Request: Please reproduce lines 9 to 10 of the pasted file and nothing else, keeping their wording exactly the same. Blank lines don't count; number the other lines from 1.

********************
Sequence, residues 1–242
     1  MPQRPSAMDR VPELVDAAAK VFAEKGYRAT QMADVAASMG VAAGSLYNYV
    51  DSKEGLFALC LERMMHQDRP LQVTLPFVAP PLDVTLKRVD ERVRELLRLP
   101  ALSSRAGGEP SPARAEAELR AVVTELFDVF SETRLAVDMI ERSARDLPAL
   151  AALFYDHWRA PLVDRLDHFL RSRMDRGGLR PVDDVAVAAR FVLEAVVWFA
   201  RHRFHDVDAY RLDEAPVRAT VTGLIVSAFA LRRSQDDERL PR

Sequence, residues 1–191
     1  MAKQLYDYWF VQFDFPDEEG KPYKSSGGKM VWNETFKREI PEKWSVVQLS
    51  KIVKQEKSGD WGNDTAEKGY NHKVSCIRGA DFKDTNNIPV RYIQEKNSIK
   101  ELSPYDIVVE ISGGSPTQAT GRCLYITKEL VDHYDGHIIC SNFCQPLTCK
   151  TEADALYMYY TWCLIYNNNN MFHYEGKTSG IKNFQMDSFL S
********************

    51  KIVKQEKSGD WGNDTAEKGY NHKVSCIRGA DFKDTNNIPV RYIQEKNSIK
   101  ELSPYDIVVE ISGGSPTQAT GRCLYITKEL VDHYDGHIIC SNFCQPLTCK